- The parents will use the designated dispute resolution process relating to implementation of the plan, except for in disputes about financial support, unless an emergency exists.
- A written record will be prepared of any agreement reached in counseling or mediation and of each arbitration award and will be given to each parent.
- If the court finds that a parent has used or frustrated the dispute resolution process without good reason, the court will award attorneys' fees and financial sanctions to the prevailing parent.
- The parents have the right of review from the dispute resolution process to the superior court.
Ultimately, it is the best interest and welfare of the child that the State of Washington uses when making decisions on parenting plans, child visitation schedules, and all other custody related matters.
The court considers a variety of factors when considering the child's best interests:
- The history of the child's care
- The child's relationship with each parent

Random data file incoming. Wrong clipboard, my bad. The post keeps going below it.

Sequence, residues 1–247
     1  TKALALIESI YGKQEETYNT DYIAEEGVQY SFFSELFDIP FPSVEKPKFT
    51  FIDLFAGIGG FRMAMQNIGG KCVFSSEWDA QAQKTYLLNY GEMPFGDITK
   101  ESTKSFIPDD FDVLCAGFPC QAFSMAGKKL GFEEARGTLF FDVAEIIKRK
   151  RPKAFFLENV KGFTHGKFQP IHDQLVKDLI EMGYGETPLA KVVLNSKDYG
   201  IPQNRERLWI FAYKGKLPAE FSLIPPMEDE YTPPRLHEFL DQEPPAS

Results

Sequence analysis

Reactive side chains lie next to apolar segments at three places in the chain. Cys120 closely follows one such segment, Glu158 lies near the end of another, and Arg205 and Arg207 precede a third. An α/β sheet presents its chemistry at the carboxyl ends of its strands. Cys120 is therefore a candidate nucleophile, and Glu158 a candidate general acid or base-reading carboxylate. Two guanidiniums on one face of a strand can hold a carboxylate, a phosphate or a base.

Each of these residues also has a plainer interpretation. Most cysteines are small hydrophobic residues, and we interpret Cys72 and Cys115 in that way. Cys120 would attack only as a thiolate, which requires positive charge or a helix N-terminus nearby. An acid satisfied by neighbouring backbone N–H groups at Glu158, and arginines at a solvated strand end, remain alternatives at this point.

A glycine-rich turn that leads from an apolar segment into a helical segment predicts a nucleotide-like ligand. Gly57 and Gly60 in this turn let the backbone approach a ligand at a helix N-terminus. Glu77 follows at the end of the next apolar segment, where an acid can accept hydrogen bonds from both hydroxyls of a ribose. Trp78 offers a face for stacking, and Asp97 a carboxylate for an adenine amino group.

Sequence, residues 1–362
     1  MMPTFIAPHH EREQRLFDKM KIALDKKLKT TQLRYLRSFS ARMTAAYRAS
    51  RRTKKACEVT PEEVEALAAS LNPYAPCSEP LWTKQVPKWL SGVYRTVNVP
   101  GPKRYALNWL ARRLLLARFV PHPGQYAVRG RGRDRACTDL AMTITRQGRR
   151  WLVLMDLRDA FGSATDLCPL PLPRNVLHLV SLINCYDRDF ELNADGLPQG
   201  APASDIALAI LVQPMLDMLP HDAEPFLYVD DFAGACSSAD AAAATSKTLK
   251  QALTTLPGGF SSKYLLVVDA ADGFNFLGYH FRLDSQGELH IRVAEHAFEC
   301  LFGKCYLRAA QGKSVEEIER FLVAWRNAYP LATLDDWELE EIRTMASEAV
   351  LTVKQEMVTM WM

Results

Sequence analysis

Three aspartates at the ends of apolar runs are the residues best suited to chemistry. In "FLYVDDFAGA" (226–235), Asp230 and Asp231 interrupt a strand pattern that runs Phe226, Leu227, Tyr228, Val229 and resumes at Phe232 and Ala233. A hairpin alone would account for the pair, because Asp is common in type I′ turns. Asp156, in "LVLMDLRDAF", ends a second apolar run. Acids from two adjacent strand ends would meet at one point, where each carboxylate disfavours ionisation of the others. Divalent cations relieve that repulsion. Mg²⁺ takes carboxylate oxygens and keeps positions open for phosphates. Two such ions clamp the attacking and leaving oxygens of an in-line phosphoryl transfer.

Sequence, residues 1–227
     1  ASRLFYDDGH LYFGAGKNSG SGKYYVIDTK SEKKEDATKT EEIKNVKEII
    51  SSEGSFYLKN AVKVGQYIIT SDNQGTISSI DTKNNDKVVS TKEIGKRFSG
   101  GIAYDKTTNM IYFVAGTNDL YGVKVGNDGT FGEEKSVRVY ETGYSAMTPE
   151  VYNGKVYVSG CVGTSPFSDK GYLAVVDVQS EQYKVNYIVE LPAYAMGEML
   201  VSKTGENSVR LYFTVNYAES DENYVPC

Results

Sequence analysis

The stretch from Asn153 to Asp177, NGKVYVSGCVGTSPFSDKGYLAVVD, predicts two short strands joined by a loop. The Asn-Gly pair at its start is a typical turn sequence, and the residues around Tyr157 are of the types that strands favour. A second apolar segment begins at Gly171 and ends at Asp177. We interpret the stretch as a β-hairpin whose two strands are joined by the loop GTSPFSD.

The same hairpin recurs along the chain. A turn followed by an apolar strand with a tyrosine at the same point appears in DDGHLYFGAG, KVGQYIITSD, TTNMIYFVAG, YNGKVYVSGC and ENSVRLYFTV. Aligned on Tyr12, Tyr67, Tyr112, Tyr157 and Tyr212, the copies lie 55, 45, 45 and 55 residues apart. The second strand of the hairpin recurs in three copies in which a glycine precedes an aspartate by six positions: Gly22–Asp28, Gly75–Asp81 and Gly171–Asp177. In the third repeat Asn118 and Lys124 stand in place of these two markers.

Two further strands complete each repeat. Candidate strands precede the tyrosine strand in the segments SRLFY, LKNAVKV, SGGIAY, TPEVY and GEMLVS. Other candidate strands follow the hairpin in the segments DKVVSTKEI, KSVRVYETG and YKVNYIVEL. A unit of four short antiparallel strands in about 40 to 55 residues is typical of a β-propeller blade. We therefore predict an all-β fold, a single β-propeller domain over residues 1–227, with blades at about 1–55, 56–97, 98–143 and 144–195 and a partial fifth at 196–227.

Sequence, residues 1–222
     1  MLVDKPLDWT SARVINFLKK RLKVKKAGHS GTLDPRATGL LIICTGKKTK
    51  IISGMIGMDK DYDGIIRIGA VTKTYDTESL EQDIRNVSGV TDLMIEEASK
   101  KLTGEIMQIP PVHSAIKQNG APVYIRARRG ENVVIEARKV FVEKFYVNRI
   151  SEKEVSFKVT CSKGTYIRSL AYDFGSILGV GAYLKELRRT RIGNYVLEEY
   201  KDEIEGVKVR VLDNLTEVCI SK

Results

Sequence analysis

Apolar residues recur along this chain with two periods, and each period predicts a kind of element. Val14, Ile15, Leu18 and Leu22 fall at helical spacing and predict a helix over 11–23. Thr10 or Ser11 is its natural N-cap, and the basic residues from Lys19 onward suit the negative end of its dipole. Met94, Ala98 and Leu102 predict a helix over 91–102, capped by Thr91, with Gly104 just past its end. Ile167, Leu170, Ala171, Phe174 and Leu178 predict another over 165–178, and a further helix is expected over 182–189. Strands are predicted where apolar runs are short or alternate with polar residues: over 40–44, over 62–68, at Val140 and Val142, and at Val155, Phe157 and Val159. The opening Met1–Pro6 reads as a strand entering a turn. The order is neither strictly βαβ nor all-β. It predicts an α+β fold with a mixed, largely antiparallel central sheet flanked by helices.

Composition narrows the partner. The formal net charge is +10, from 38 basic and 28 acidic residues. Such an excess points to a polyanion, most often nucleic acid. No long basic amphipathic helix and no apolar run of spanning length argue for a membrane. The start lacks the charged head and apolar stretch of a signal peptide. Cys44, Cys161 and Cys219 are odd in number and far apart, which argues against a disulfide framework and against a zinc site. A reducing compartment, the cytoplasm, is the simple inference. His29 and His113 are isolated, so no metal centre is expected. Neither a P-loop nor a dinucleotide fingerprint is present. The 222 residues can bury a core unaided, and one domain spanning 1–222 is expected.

- The child's adjustment to his or her home, school, and community
- Whether or not a parent is not only capable, but willing to perform parenting functions in a manner that benefits the child
- Any evidence of abuse, neglect, domestic violence, or any other parental conduct that may harm the child
- Any other relevant factors that affect the best interest and well-being of the child
The court rules according to what is best for the child. When parents are able to get along and work together to create a parenting plan that meets the best interests of the child and appropriately delegates parenting functions, it is typically accepted and approved by the court.
The top twenty cities in Washington (by population, US Census Bureau, 2008) are: Seattle, Spokane, Tacoma, Vancouver, Bellevue, Everett, Spokane Valley, Federal Way, Yakima, Kent, Bellingham, Kennewick, Renton, Lakewood, Auburn, Pasco, Shoreline, Redmond, Kirkland, Richland.